What are the pros and cons of basing the world on the characters found in it and conversely what are the pros and cons of basing the characters on the world in which they live?
The advantages of building a world and then basing the characters on it is that this is generally the direction that the real world works. Your parents were not chosen based on what profession you were supposed to enter. They were your parents first, and they shaped your profession. Building in this order typically helps make very credible worlds because you're not cheating when you build the world.
However, few stories are focused on the world. They usually center around characters and a plot. In these cases, you tend to want to avoid weakening your plot just to fit the world. Nothing's worse than building up your story of the boy turned king than finding out that the world brought the black plague to his castle and he died a horrible death just before the plot really took off. Many stories rely on exceptional happenings, and it can be hard to build a world and then find those exceptional events. It can be easier to bend your world to fit your characters. However, this comes at a price: the believably of your world can go down because the characters start "getting lucky" too much.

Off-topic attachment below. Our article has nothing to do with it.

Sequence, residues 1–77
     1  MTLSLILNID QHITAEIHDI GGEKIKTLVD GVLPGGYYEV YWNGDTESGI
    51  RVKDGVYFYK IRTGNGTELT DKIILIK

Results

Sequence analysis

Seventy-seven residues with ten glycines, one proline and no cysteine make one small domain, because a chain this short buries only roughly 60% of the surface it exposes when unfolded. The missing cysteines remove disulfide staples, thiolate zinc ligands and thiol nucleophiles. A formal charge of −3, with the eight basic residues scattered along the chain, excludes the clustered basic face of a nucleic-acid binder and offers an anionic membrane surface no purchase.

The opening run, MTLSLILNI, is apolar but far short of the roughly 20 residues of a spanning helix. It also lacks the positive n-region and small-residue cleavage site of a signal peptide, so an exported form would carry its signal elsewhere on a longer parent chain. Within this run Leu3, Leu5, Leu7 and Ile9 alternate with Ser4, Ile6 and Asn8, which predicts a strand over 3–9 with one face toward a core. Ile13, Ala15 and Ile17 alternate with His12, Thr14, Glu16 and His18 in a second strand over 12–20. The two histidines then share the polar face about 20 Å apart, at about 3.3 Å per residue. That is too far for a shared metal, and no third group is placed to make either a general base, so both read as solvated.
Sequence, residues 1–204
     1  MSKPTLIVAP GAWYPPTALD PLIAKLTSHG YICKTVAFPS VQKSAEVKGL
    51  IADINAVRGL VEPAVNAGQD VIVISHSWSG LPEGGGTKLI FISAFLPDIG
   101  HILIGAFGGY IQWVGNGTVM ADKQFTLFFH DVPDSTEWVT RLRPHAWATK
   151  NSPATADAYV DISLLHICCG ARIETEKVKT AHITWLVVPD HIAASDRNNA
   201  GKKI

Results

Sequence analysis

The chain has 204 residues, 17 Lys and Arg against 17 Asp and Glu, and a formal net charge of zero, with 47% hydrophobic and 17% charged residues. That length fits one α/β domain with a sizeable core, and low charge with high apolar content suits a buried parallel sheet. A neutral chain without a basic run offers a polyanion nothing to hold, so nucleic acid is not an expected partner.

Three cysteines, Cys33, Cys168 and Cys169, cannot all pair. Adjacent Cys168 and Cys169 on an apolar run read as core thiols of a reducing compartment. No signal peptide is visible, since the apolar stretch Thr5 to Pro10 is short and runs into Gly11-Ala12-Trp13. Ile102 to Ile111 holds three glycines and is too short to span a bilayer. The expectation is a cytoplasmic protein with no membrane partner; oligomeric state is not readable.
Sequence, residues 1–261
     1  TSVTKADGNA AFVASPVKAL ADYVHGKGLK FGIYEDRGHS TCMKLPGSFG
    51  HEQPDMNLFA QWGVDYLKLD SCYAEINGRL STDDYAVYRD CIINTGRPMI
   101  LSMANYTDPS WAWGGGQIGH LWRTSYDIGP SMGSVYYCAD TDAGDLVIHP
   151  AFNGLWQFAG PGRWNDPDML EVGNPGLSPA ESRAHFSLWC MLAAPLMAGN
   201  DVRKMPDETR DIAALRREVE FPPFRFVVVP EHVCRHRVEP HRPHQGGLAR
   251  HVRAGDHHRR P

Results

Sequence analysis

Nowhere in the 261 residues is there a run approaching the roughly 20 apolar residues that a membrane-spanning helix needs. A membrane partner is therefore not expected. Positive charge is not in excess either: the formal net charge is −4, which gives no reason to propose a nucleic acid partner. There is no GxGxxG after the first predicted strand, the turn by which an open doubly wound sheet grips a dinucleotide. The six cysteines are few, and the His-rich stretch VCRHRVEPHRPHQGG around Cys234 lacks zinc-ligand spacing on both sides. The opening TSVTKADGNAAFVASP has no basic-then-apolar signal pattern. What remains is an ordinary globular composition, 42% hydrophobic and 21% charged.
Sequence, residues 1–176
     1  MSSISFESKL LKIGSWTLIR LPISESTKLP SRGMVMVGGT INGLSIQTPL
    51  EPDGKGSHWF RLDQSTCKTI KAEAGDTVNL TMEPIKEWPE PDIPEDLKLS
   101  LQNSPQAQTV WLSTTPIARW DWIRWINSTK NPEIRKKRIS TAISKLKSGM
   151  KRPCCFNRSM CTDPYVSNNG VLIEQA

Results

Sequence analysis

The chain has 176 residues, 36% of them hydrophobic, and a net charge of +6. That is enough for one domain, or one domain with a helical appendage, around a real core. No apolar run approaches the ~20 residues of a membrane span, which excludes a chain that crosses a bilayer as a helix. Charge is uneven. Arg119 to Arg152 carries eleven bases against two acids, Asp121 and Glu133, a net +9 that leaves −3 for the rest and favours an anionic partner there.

The ideal solution is to balance both approaches. Make it so that its hard to tell from your final product whether you took the world first or character first approach. Create a beautiful gleaming plot with rich characters, and make sure the world fits that. Make sure that the world looks like it really could have generated these characters.
Stories are fundamentally about people, not places. The psychology of why we like stories has been fairly well worked out, and the archetypes of stories are fairly well understood. At its simplest, a story is about a character with a desire, the things that frustrate that desire, the things the character does to overcome those things and achieve their desire, and the final achievement of loss of the desire.
Everything else in a story revolves around this. If a story invents a world (rather than using the one we live in) it is because an invented world is a better vehicle, in some way or another, for the staging of this conflict between a particular desire and the things that frustrate that desire. A fantasy world may create the conditions for a new desire, or new ways to frustrate a desire, or new ways to overcome those frustrations. These need to be analogs of real desires, real frustrations, and real opportunities or the story will not hold the reader, but a fantasy world can provide a new stage on which to tell one of the archetypal stories and to highlight its key conflicts in different ways.
All of which means that character comes first, and the world creates the right stage on which to tell the story of the character.
That does not mean you can't do worldbuilding and then discover a character and place them in that world. But it means that actual storytelling begins with character, not world building.